If you do not set a passphrase for "on boot", this key will sit there and the Android bootloader just knows that the default password is "DefaultPassword", decrypt your encryption key and then decrypt your /data.

If you set up a PIN/password for your lockscreen, this does not change a thing. If your bootloader is unlocked, one can simply plug in a USB cable and read your /data.

So changing your boot-password does NOT re-encrypt your device with the new password (would take way too long and be too error-prone [think out-of-battery]), but re-encrypts the actual encryption key with your new password. (Basically the same mode of operation as LUKS or TrueCrypt/VeryCrypt.)

It was mentioned before, but just to be clear: For the device to be capable to boot and ask for your password, there has to be "a program" (i.e. the kernel and some additional stuff) that resides somewhere on your phone's storage which is NOT encrypted, so it can be started and ask for your password.

Should your bootloader be unlocked, THIS "program" can be exchanged by e.g. a keylogger and then decrypt your data.

With a locked bootloader, this access should be prevented by hardware. If you now have chosen a good password (at boot), disassembling the phone does not help. Even if you could dump the flash content, you would still have an encrypted /data partition (encrypted by a random key which is encrypted with your [hopefully good] passphrase).

As for tempering/adding YOUR keys for /system verification: This is what dm-verity is for (wiki that). This can be done on any device and is a matter of code-signing, flashing, locking. There is no need for a two-stage passphrase-thingy here.

 

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On 11/30/2019 at 9:45 AM, A Dude said:

If you do not set a passphrase for "on boot", this key will sit there and the Android bootloader just knows that the default password is "DefaultPassword", decrypt your encryption key and then decrypt your /data.

Are you sure that the bootloader itself decrypts anything? I was under the impression that the system partition (and whatever boot stages happen before mounting that) is unencrypted (but verified by prior stages in one way or another), the Android system partially boots and then you ask the passphrase and decrypt the data partition.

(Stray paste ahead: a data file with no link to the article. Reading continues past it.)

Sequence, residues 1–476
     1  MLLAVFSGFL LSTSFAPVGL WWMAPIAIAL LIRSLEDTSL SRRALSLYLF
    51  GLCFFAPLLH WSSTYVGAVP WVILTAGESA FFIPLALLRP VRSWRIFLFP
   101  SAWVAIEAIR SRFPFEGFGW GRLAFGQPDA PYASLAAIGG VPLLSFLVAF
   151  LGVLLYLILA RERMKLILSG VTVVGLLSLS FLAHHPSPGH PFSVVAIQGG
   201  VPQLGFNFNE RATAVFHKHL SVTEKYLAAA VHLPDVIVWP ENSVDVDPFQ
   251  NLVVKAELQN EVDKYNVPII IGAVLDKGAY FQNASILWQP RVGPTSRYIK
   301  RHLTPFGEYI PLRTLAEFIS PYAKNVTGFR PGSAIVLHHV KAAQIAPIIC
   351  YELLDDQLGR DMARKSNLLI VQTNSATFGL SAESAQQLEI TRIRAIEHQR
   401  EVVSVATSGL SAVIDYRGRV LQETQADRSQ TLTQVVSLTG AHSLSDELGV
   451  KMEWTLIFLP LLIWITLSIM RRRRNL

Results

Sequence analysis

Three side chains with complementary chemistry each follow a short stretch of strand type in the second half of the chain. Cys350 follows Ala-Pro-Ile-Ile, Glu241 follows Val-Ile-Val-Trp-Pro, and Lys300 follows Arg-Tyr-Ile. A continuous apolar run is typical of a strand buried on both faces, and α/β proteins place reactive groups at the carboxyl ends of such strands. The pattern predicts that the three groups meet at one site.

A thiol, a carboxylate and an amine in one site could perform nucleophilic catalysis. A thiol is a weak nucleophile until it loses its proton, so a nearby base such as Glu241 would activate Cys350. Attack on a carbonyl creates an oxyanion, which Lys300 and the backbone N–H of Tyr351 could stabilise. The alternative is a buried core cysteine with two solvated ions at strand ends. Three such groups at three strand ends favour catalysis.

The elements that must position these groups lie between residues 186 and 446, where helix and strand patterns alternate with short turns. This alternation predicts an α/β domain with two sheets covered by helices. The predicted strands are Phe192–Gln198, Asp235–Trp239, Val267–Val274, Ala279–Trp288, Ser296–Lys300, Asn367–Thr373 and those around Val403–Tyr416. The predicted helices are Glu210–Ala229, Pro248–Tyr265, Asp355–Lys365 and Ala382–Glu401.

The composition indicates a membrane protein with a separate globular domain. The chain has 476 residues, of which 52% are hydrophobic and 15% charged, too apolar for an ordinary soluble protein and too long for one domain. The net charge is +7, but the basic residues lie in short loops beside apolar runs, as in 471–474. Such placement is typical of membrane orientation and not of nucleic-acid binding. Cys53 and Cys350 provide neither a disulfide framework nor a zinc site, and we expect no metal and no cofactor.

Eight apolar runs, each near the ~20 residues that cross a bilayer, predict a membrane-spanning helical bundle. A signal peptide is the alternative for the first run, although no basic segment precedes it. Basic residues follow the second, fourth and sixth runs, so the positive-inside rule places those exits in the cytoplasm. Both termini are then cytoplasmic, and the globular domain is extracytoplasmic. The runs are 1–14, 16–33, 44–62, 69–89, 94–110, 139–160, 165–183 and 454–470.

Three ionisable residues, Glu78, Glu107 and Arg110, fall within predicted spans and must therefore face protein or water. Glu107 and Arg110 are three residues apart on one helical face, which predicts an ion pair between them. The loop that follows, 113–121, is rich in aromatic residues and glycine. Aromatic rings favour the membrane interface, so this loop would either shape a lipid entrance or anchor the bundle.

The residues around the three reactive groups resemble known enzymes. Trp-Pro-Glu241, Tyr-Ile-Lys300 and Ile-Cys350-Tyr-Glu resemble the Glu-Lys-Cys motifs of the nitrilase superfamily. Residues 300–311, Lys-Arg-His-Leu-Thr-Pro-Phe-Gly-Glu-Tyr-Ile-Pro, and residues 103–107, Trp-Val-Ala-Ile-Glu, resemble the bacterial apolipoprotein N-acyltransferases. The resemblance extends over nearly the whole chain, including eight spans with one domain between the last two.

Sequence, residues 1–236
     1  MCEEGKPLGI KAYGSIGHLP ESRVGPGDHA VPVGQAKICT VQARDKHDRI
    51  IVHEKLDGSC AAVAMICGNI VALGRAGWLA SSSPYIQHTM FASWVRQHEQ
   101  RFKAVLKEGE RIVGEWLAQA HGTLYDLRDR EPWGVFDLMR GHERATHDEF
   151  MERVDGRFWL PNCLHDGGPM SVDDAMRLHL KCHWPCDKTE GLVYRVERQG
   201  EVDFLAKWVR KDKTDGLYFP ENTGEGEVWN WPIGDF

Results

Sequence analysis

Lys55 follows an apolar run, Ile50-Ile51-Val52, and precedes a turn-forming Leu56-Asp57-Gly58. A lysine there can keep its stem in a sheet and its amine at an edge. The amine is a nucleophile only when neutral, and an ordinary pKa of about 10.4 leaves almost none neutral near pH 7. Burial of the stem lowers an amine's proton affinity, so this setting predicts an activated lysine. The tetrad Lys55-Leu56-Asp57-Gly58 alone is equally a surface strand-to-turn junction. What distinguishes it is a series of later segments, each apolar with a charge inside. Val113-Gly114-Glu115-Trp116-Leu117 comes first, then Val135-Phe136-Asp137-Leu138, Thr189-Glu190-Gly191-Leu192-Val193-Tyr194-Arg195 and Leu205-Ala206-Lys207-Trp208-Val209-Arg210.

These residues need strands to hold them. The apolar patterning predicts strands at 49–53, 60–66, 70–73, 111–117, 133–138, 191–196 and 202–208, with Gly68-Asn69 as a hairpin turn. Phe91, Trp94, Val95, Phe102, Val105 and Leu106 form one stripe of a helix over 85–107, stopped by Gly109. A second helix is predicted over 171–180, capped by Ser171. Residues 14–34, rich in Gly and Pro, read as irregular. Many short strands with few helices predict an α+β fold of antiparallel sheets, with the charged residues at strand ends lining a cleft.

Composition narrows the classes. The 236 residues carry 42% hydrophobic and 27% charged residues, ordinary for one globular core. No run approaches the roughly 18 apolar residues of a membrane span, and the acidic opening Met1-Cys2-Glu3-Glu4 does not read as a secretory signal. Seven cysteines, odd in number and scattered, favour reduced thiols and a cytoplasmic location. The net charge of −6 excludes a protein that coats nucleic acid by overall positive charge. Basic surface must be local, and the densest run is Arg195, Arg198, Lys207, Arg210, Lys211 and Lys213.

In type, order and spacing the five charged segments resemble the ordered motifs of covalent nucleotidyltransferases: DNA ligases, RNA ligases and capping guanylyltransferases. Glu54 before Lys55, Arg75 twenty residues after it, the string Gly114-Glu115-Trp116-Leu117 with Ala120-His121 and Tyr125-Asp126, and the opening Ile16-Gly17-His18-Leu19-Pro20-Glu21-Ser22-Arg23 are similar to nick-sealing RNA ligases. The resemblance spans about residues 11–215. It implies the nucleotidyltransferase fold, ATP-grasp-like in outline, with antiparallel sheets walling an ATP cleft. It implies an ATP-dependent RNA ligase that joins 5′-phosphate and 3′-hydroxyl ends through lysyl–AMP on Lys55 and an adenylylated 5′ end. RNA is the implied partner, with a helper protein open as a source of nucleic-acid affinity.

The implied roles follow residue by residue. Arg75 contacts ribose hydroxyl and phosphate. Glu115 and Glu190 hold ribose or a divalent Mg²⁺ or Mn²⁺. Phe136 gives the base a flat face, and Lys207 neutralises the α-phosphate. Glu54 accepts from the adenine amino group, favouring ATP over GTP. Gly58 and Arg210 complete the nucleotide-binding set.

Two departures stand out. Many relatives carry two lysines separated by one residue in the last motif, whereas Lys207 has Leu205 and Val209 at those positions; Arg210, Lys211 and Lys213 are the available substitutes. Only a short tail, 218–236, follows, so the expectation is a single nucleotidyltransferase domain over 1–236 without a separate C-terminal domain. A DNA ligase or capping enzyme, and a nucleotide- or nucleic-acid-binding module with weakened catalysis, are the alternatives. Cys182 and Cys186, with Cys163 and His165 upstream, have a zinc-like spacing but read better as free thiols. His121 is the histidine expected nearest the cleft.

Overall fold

On 11/30/2019 at 9:45 AM, A Dude said:

So changing your boot-password does NOT re-encrypt your device with the new password (would take way too long and be too error-prone [think out-of-battery]), but re-encrypts the actual encryption key with your new password. (Basically the same mode of operation as LUKS or TrueCrypt/VeryCrypt.)

True (that is why I mentioned the "key to encrypt your key" earlier), but I think that detail can be abstracted away (for all intents and purposes, a key saved on insecure storage but encrypted with another key (may be the passphrase) is as secure as the other key).

On 11/30/2019 at 9:45 AM, A Dude said:

It was mentioned before, but just to be clear: For the device to be capable to boot and ask for your password, there has to be "a program" (i.e. the kernel and some additional stuff) that resides somewhere on your phone's storage which is NOT encrypted, so it can be started and ask for your password.

Should your bootloader be unlocked, THIS "program" can be exchanged by e.g. a keylogger and then decrypt your data.

With a locked bootloader, this access should be prevented by hardware. If you now have chosen a good password (at boot), disassembling the phone does not help. Even if you could dump the flash content, you would still have an encrypted /data partition (encrypted by a random key which is encrypted with your [hopefully good] passphrase).

My argument was this: If you have dumped the encrypted data via hardware access, you can then unlock the phone (which wipes the data, but you've already dumped it) and replace /system (or whatever asks the user the passphrase) to steal the passphrase. You then use the stolen passphrase to decrypt your previous flash dump.

What would make a difference here (and I hope this is done) is when a necessary part of the encryption key (or the entire passphrase-encrypted key) is stored not on the easily dumpable flash, but on some "secure storage" designed to make hardware dumping difficult. In that case the attacker can not get to the key before wiping it, so the attack no longer works. However, a more sophisticated attacker could replace your phone entirely with a similar but keylogged phone, wait for you to enter the passphrase and then enter it on the original phone. To combat this, I would use the three-stage passphrase system.